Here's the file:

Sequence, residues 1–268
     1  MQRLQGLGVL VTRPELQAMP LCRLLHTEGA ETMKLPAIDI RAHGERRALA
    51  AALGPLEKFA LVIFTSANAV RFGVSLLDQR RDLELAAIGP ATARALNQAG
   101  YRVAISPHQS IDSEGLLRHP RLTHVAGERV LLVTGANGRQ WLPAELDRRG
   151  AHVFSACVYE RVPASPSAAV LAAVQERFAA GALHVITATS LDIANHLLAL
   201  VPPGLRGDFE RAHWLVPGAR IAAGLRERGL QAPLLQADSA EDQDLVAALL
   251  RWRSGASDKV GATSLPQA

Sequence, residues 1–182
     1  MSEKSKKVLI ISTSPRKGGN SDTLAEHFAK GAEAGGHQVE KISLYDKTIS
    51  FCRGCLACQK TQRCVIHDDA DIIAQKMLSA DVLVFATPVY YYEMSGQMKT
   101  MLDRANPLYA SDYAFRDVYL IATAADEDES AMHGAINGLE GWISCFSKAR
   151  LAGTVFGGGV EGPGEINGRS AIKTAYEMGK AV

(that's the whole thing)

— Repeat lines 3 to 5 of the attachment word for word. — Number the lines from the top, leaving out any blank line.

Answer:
    51  AALGPLEKFA LVIFTSANAV RFGVSLLDQR RDLELAAIGP ATARALNQAG
   101  YRVAISPHQS IDSEGLLRHP RLTHVAGERV LLVTGANGRQ WLPAELDRRG
   151  AHVFSACVYE RVPASPSAAV LAAVQERFAA GALHVITATS LDIANHLLAL